“From early on, you feel their emotions with them, when they’re telling you about the barriers, frustrations, and pain that they felt,” he continues. “And those emotions stay with you. Then the film, and what needs to be expressed, starts to feel more clear in your mind. The film tells you what it is.”
Through those conversations, and feedback on his early ideas, the story of Aisha began to take shape.
“We came up with this story of human connection, in an inhumane system,” he nods. “When people stay in centres for a long period of time, they make friends, and they form a community. We wanted to look at that very pure, human relationship, and get the audience to really identify with it, and connect with it – and then put that in the context of Direct Provision. But in a very subtle way. You could make a more heavy-handed film, but I didn’t want to do that. I wanted it to be as close to an experience that we recognise to be true as I could.”
While he’s not too optimistic about film having the power to directly bring about policy change, he does recognise it as “a powerful medium.”
“There’s been an amazing campaign to dismantle Direct Provision in Ireland for the last few years, spearheaded by MASI and others,” he notes. “There’s people objecting from all over society. I’d like for Aisha to add to the chorus, and create another place in society to have that conversation. You might screen the film and then talk about it. It might have an impact on you, and it might make you think. That’s the power of it.
“I hope that people, when they see it, will recognise the need for films and art projects like this to be made – and that it’s important that we look at the difficult parts of our society, and discuss them.”
He’d also like to see Aisha reach some of those drawn in by the xenophobic and anti-asylum-seeker rhetoric that has been rearing its ugly head on these shores, hoping that people will be “moved by the human story – and not just the newspaper articles.”
Bringing that human story to life are international stars Letitia Wright as the titular Aisha, and Josh O’Connor as Conor, an employee at the accommodation centre with a troubled past of his own.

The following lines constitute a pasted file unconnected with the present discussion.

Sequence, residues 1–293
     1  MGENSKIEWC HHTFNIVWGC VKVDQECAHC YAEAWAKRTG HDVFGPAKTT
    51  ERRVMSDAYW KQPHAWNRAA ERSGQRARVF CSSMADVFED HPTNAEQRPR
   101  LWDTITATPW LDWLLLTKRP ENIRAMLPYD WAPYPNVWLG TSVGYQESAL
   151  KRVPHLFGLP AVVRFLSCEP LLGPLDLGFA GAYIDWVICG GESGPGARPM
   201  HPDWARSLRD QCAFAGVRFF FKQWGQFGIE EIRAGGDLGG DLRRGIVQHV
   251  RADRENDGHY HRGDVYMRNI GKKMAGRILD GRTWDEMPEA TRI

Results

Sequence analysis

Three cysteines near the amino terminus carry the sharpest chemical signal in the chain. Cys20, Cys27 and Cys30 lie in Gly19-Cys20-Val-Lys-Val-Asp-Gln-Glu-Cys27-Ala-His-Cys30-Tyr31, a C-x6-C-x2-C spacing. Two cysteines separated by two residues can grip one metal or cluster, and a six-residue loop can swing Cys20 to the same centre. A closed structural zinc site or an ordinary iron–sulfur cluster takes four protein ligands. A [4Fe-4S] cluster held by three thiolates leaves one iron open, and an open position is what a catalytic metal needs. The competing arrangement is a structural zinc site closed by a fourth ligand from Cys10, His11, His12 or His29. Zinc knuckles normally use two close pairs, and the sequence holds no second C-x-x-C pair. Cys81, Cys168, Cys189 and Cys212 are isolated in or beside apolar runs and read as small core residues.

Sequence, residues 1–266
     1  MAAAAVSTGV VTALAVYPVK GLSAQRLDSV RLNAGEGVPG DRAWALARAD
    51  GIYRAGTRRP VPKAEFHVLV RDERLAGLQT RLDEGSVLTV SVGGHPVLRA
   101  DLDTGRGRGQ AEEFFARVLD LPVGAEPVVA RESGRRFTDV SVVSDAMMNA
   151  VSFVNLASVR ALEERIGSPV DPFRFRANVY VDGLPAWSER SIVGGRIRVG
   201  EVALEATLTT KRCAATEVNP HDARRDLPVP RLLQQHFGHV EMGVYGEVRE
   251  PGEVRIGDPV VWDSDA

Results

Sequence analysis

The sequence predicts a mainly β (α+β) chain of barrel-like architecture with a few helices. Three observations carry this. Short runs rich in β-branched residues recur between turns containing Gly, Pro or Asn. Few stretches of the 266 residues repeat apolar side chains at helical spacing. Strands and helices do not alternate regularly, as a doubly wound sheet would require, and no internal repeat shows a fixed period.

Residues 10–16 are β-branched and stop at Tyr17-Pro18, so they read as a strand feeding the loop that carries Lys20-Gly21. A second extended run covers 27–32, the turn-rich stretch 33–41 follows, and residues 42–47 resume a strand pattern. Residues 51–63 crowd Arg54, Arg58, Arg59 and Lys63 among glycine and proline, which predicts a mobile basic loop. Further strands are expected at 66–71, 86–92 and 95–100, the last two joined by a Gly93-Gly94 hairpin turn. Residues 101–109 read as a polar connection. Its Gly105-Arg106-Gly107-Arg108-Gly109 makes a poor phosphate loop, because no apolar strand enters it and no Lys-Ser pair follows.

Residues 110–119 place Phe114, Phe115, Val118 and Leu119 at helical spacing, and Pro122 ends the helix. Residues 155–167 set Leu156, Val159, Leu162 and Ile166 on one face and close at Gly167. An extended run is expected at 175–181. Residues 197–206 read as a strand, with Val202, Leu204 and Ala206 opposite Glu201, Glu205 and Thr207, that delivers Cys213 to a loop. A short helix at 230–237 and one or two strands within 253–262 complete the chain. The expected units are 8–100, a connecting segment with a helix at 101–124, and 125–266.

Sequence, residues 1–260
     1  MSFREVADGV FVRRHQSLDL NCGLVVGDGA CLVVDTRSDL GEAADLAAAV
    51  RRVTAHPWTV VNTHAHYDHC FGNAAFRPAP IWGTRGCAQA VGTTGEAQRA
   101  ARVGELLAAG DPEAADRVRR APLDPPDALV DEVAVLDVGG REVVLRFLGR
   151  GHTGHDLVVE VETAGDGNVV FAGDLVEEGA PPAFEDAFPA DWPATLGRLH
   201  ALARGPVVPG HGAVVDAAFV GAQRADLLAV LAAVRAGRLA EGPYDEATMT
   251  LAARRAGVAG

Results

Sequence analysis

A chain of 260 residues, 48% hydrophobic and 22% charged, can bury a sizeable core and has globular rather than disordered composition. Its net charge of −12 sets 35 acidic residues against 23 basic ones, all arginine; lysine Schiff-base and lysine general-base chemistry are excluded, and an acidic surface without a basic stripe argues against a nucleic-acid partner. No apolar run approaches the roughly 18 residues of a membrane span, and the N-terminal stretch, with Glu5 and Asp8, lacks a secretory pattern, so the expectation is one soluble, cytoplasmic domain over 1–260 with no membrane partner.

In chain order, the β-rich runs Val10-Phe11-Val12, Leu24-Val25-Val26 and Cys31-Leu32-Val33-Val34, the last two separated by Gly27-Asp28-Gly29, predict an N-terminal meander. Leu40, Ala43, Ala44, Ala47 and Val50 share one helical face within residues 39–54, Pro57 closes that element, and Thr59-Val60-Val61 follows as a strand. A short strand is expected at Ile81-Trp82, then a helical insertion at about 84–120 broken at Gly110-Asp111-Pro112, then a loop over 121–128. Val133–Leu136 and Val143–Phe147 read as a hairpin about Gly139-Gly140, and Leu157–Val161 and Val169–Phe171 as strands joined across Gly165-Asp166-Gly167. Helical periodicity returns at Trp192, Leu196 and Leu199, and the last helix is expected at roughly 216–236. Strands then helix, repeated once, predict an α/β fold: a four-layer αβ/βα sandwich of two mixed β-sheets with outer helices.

“Working with Josh and Letitia was wonderful,” Berry tells me. “Letitia connected very strongly to the subject matter of the film. She came over, and I introduced her to people that I knew, who I had researched the film with. We talked an awful lot about my research, and both Letitia and Josh spoke to Lucky. Letitia brought realism to Aisha that I could never write from my perspective, and the character just blossomed. I was amazed how Aisha came to life before my eyes.
“Josh came over early and he immersed himself in Dublin,” he continues. “It was during lockdown at the time, so there were not a lot of people around, but he still walked Dublin’s streets and spoke to people. That was something to witness as well – to see him disappear into Conor. He really connected with him. Then we did work with Emmet Kirwan, our dialect coach for Dublin. There was another in the UK that Josh often uses, William Conacher. Between the two of them, and Josh’s efforts, he worked very hard on the accent. He did a good job I think!”
With it now unlikely that the Government will meet their previously announced target for ending Direct Provision by late 2024, projects like Aisha remain crucial in sparking conversations, by highlighting the countless injustices and obstacles facing people living in the system.
“The system needs to be dismantled – and I don’t think any art should exist about Direct Provision that doesn’t make that statement,” Berry states. “Everything about Direct Provision that exists in society should be an objection. The government has assured us that the Direct Provision system will be completely dismantled, and that there will be a new system in place that’s more mindful of human rights. The sooner that happens, and the sooner there’s clarity on that, the better.”
• Aisha, a Sky Original, is available in cinemas and on Sky Cinema now.
- Film & TV
- 29 Oct 21